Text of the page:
Maggie Gallagher

The irony about Barack Obama is that he's the man of Hillary Clinton's dreams.

Watching the New Hampshire college students pour out to vote for Obama, I kept picturing the young Miss Rodham delivering her cri de couer at Wellesley's commencement, way back in 1969: "We're searching for more immediate, ecstatic and penetrating modes of living," a way to live "in relation to one another in the full poetry of existence."

Forty years later, Hillary is a programmed caricature of herself, cautiously delivering the latest poll-tested message.

And the full poetry of existence is represented by the man who late polls show trouncing her in New Hampshire. Barack Obama is the man of the hard left who has turned his whole campaign into an act of poetry, a symbol of unspecified and probably unspecifiable transcendent yearnings. We need symbols to express things we cannot say in plain prose.

If Republicans got themselves elected in part by rallying to defend important cultural symbols (the flag, the Ten Commandments, marriage), Obama's candidacy is a totally new, postmodern kind, where he has elevated his own candidacy to the status of a symbol: He is the incarnation, the aspiration, "the one."

I find it creepy, of course, and so do a lot of us aging baby boomers, right and left, who've heard politicians promise to deliver change, time and time again. But then, occasionally, like Ronald Reagan, they do succeed.

Will Barack Obama prove to be the left's Ronald Reagan?

The most unreported story of the election so far is the collapse of the Giuliani campaign. How did it happen that the supposed electoral powerhouse, Rudy Giuliani, cannot even contend in New Hampshire -- in his own Northeastern backyard, and exactly the kind of non-Southern, non-Evangelical state that Rudy is supposed to win?

With his poll numbers tanking, Rudy retreated, and tried to turn his defeat into an "innovative" electoral strategy: lose early and often. Then pretend it's part of a plan. The truth is that Rudy, competing for the same voters, got trounced by McCain. Before withdrawing from New Hampshire, Rudy spent $3 million in ads that failed to move voters. Why?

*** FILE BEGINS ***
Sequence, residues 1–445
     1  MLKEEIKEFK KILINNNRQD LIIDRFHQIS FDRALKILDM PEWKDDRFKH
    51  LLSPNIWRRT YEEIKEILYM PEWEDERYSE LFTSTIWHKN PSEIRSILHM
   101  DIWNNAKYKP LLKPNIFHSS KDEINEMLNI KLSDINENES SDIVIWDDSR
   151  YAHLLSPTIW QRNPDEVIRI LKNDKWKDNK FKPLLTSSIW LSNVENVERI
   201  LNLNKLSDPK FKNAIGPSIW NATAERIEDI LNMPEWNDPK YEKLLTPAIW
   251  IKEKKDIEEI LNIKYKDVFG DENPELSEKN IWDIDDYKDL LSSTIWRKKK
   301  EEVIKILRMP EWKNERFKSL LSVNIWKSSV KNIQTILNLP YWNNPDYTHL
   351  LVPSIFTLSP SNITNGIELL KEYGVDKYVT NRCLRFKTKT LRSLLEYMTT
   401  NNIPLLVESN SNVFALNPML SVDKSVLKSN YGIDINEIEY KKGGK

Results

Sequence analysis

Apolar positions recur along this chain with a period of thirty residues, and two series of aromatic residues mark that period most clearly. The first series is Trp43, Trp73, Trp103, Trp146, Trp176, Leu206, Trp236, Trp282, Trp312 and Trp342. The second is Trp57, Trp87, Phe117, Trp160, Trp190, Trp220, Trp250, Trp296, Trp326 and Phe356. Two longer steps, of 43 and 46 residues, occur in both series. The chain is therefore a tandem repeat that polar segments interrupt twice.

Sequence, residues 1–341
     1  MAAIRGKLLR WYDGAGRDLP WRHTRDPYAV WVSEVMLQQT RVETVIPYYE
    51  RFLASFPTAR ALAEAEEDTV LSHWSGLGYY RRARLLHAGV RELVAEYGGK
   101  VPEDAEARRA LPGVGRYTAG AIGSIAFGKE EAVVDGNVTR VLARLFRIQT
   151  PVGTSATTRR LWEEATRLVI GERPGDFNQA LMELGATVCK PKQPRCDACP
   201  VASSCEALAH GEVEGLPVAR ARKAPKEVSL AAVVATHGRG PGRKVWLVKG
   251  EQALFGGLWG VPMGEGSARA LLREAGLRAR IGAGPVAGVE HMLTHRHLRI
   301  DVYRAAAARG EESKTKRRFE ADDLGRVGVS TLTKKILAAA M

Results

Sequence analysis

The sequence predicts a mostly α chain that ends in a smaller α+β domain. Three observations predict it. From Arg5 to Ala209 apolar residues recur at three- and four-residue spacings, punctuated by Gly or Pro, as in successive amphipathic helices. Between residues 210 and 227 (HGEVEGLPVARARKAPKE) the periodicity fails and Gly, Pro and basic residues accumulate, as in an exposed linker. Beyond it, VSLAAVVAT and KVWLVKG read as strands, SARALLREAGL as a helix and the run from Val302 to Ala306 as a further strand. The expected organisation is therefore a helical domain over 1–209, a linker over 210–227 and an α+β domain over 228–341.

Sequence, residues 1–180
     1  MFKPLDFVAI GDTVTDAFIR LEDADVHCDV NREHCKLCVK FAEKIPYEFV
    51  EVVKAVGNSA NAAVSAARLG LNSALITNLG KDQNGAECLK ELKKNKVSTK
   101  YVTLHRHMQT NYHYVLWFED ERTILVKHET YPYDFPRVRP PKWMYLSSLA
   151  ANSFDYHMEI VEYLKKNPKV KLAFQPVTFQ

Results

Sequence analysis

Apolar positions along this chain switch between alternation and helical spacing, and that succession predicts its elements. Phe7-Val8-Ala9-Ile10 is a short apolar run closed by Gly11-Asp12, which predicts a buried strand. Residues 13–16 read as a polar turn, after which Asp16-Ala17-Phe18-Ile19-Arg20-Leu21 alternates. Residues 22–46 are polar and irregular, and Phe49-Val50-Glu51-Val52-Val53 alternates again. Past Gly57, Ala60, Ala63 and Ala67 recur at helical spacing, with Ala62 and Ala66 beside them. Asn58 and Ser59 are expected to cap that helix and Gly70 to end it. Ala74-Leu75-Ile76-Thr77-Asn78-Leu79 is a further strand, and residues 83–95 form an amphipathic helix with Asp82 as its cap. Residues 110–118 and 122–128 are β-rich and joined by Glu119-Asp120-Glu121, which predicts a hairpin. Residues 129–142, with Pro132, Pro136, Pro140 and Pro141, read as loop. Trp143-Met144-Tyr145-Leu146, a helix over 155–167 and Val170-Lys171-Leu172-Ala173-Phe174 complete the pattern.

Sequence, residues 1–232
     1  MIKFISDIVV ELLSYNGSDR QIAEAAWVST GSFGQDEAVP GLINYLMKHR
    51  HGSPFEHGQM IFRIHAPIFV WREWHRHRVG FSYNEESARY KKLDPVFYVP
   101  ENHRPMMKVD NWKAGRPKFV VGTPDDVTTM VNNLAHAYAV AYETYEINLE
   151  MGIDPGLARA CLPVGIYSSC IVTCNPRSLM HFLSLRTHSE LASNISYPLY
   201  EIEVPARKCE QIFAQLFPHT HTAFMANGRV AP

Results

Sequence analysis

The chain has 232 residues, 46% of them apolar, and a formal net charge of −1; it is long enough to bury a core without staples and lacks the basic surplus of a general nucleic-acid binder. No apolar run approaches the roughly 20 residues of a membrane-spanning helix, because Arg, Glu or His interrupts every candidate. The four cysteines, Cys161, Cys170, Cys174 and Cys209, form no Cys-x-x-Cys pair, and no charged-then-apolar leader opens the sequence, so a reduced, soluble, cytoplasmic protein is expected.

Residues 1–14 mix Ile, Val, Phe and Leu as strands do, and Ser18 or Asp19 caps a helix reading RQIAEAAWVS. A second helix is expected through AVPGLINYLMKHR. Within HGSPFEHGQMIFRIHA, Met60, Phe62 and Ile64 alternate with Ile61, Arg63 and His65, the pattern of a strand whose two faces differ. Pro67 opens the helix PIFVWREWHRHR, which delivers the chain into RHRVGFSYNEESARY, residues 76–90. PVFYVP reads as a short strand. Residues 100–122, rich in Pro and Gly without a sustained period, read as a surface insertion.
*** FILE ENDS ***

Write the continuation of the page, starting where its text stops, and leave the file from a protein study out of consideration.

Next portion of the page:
Rudy made the same fundamental error that Hillary did: He tried to run as an incumbent. Hillary's word is "experience"; Rudy's campaign gurus picked "tested." Listening to either candidate use their word only reminds me -- and I suspect voters -- of all the focus grouping that went into putting words in his or her mouth.

Not only are voters hungry for change, but Rudy is not, in fact, an incumbent president. So every time he tried to draw out this "tested" campaign message, he ends up talking about things he did a decade ago, on issues that are no longer very important to voters, such as crime and welfare reform. Rudy did a magnificent job as mayor of New York City, but voters aren't interested in the past. And when Rudy talks about the future, he sounds like President Bush on steroids: war, terror, war, terror, aggression.

Candidates like Rudy do well when voters are scared of thugs or bombs in the street. That's when you need a tough-talking, big man to take on the bad guys. But here, as in those other issues, conservatives are victims of their own success: We beat communism; we haven't had a major terror attack in six years.

And folks are tired of feeling scared all the time.

They want to feel good again about our country and its institutions.

Next stop: South Carolina.

Maggie Gallagher

Maggie Gallagher is a nationally syndicated columnist, a leading voice in the new marriage movement and co-author of The Case for Marriage: Why Married People Are Happier, Healthier, and Better Off Financially.